Exercises

Mindfulness-Based Stress Reduction & Chronic Pain

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Many Lupus Warriors are familiar with chronic pain — the kind that lasts for months or even years. Mindfulness-based stress reduction may offer relief, according to a recent meta-analysis.

Sharp pangs. Dull aches. Tingling. Pain comes in many sensations, but all are unpleasant and can interfere with daily life. 1 in 5 adults experience chronic pain, according to a World Health Organization fact sheet. 43% of American households and 36% of European households include at least 1 person battling chronic pain.

Pain falls into two categories:

  1. Acute pain
    • Shorter in duration (less than 3 – 6 months)
    • Directly related to soft tissue damage (e.g., sprained ankle)
    • Typically more sharp and severe
  2. Chronic pain
    • Longer duration (can last years)
    • Cause may be an ongoing injury or infection (e.g., autoimmune disease, cancer)
    • Impacted by environmental and psychological factors
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The need for new research

Two factors are increasing the study of non-medication-based treatments for pain:

  1. Increased understanding of the prevalence, imposed physical limitations, and economic impact of chronic pain
  2. Overdose and death from opioids has become a major health crisis

New prescribing guidelines aiming to reduce opioid use disorder can also make it challenging for people with chronic pain to get treatments

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Mindfulness-based stress reduction research

A January 2019 published meta-analysis in Evidence-Based Mental Health explored the effectiveness of alternative chronic pain treatments. The researchers analyzed 21 randomized controlled trials (12 of which met subsequent quality standards) on mindfulness-based stress reduction, cognitive behavioral therapy (CBT), and chronic pain.

Chronic pain as a result of lupus was not specifically studied. Chronic pain sources included musculoskeletal pain, fibromyalgia, chronic lower back pain, rheumatoid arthritis, and others.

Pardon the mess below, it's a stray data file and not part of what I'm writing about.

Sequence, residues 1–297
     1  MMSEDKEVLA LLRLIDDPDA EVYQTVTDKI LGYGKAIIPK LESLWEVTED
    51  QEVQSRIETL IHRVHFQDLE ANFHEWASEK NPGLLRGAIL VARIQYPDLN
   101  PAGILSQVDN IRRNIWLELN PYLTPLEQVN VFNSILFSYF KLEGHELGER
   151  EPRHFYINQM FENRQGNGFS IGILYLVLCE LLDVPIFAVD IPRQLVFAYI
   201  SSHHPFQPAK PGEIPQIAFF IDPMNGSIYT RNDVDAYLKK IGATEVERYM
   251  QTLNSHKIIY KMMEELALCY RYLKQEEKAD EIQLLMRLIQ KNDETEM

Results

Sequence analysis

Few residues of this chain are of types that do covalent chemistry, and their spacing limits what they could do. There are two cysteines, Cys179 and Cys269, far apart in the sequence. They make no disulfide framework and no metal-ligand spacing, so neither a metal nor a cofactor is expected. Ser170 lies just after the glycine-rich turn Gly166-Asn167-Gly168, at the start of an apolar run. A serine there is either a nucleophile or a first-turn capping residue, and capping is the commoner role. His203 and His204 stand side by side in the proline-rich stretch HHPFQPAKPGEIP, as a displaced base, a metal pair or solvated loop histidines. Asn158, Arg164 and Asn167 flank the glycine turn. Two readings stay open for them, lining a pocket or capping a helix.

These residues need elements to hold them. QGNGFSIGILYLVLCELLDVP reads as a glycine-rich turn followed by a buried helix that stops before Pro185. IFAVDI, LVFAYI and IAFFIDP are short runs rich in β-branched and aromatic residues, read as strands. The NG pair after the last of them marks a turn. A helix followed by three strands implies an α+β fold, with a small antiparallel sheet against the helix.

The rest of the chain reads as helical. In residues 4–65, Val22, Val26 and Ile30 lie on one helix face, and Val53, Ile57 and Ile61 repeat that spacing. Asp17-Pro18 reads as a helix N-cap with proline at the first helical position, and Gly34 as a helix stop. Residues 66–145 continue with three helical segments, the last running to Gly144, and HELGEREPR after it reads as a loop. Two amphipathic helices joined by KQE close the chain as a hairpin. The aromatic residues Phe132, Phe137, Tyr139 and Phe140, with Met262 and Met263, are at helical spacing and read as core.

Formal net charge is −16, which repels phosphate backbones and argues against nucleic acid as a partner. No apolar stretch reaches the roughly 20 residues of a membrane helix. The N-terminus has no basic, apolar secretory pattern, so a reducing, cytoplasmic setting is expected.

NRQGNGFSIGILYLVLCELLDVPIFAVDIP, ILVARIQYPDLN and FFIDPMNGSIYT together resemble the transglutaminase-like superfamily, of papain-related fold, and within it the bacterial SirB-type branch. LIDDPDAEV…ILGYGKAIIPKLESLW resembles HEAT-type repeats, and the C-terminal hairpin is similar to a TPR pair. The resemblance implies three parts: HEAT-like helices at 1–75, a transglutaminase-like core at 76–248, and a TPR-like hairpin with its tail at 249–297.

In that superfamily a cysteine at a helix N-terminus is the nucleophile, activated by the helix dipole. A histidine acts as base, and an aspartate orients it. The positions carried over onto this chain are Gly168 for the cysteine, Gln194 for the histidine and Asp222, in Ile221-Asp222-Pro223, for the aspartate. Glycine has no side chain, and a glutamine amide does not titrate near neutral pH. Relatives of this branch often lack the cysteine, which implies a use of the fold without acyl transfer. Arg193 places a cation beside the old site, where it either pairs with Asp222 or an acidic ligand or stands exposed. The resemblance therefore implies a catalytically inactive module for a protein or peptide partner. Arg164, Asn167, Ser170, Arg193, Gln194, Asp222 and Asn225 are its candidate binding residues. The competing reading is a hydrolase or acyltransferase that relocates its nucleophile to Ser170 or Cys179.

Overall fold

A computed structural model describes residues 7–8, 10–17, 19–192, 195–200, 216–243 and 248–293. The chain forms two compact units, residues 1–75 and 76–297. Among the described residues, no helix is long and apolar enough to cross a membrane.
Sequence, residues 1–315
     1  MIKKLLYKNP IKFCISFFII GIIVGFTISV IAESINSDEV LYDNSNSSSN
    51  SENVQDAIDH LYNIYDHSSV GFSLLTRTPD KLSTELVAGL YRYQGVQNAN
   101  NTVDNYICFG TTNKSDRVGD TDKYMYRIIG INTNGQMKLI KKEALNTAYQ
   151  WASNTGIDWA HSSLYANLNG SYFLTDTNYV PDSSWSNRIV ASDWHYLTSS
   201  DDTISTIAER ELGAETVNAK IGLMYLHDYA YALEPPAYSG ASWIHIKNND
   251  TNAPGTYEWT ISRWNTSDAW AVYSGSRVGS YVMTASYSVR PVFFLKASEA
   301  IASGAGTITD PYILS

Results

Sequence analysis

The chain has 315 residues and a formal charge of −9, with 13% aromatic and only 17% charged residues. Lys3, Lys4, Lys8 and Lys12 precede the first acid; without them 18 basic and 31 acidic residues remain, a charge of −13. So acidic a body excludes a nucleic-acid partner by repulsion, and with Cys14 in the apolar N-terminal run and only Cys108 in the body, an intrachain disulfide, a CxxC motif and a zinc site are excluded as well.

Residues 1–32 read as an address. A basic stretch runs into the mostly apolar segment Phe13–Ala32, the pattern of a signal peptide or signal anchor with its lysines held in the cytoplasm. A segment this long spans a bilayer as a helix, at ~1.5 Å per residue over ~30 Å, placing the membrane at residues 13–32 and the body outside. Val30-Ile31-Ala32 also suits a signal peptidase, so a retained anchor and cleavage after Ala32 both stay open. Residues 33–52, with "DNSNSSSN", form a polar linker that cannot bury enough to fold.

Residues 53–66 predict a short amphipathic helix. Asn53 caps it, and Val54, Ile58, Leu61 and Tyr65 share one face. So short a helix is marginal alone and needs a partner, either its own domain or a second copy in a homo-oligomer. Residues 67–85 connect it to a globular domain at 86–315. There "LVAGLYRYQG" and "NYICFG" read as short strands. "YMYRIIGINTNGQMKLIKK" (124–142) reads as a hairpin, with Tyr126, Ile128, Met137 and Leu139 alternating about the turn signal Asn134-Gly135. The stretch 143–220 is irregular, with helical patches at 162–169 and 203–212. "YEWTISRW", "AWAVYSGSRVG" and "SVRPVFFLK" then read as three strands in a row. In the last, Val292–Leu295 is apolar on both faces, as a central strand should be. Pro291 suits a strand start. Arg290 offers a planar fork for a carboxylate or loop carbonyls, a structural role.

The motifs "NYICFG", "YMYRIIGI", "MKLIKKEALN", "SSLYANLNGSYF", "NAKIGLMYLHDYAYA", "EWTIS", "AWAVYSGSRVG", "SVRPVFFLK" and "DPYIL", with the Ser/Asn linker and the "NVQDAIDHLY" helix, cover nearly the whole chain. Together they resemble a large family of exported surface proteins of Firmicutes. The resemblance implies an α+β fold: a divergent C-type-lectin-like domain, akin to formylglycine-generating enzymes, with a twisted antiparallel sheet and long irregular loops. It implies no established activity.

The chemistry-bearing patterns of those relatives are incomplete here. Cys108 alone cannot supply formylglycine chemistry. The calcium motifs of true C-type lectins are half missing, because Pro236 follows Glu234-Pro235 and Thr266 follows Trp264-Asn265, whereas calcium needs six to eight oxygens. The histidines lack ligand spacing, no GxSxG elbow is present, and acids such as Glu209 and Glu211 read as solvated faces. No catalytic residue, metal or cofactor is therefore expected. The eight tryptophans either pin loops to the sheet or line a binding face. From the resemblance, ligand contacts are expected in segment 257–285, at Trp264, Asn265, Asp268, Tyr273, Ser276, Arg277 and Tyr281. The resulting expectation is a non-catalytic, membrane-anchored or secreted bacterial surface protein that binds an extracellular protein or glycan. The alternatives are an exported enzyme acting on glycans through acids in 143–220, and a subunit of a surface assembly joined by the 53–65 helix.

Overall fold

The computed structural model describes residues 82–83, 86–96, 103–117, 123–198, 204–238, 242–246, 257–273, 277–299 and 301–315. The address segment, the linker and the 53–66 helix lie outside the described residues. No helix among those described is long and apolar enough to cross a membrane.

Mindfulness-based stress reduction and CBT showed “clinically important advantages relative to control” for physical functioning, pain intensity, depression. This is particularly fascinating as control participants in some study arms received standard-of-care pain management, including medications.

 

What is mindfulness-based stress reduction?

As the name suggests, mindfulness-based stress reductions are interventions that help reduce stress by cultivating an awareness of the current moment (mindfulness). Meditation, breathing exercises, and yoga are 3 examples of mindful exercises.

The goal of these exercises is to encourage a body awareness and bring the focus to the present. These strategies make it easier to recognize body sensations, emotions, and thoughts and then to let them go.

In the research paper discussed above, the mindfulness exercises were administered by certified MBSR teachers or other trained professionals.

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4-7-8 Breathing

You can try these strategies out for yourself! A good one to start with is mindful breathing — also known as diaphragmatic breathing or abdominal breathing. The goal of this exercise is to pace your breaths and generate a calm feeling. 

 

Quick tips:

  • Sit with your back straight
  • Try to keep your tongue touching your gums just above your front teeth during the cycle. When you exhale with your mouth open, you will breathe around your tongue

 

Steps:

  1. 🌬️ Exhale completely through your mouth — make a whoosh sound
  2. 👃 Close your mouth and inhale through your nose. Count to 4 in your head
  3. Hold your breath and count to 7
  4. 🌬️ Exhale completely through your mouth, making a whoosh sound, and count to 8
  5. 🔁 Repeat until you complete the cycle 4 times

 

To start, try to complete the exercise twice per day. As you continue, you can add daily repetitions or increase the number of breaths that you take. 

Looking for other mindfulness exercises? Check out these 22 individual and group strategies

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Chronic pain and medications

Medications will still continue to be an important part of the toolkit in the battle against chronic pain. It is not always possible to cure chronic pain. Work with your lupus treatment team to establish a safe and effective regimen. Even over-the-counter pain medications can be dangerous when taken at high doses or when taken in conjunction with other medications. Before starting any new medication, talk to your rheumatologist.

 

Prescription-strength medications, including opioids, are used in cases of severe pain. While opioids are strong pain relievers, they also come with a high risk of dependence and addiction. 

 

Opioid overdose risks are increased for people with reduced kidney or liver function. Be sure to check out these resources if you or a loved one is using an opioid for pain management:

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Over-the-counter (OTC) medications

OTC medications are available without a prescription, though they may still come in a variety of dosages. Be sure to read the labels to ensure you are taking a safe dose for your body weight. Always bring up new medications with your treatment team.

There are 2 main types of OTC pain relievers:

  1. Acetaminophen
    1. Tylenol
  2. Nonsteroidal anti-inflammatory drugs (NSAIDs)
    1. Aspirin
    2. Ibuprofen (Advil; Motrin)
    3. Naproxen (Aleve)
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